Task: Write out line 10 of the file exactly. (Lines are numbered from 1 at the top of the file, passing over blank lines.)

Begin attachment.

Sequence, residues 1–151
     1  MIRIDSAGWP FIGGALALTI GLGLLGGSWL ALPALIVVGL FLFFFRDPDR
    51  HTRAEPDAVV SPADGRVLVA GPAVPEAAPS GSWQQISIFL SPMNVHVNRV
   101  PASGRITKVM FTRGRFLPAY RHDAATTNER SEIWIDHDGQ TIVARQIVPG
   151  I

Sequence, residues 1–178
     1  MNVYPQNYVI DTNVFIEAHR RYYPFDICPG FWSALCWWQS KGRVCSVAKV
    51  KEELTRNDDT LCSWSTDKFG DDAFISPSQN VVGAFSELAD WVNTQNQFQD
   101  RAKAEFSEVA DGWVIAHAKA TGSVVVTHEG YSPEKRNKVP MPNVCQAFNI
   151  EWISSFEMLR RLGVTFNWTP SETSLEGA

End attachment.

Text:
   151  EWISSFEMLR RLGVTFNWTP SETSLEGA